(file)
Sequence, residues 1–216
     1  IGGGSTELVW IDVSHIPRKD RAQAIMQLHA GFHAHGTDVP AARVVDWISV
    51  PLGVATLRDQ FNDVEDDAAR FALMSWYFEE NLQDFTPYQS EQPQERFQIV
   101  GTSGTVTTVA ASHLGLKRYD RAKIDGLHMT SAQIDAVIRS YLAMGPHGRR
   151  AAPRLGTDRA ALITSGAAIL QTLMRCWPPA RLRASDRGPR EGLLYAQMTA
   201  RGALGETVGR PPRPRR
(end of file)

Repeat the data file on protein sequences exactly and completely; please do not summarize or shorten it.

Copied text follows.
Sequence, residues 1–216
     1  IGGGSTELVW IDVSHIPRKD RAQAIMQLHA GFHAHGTDVP AARVVDWISV
    51  PLGVATLRDQ FNDVEDDAAR FALMSWYFEE NLQDFTPYQS EQPQERFQIV
   101  GTSGTVTTVA ASHLGLKRYD RAKIDGLHMT SAQIDAVIRS YLAMGPHGRR
   151  AAPRLGTDRA ALITSGAAIL QTLMRCWPPA RLRASDRGPR EGLLYAQMTA
   201  RGALGETVGR PPRPRR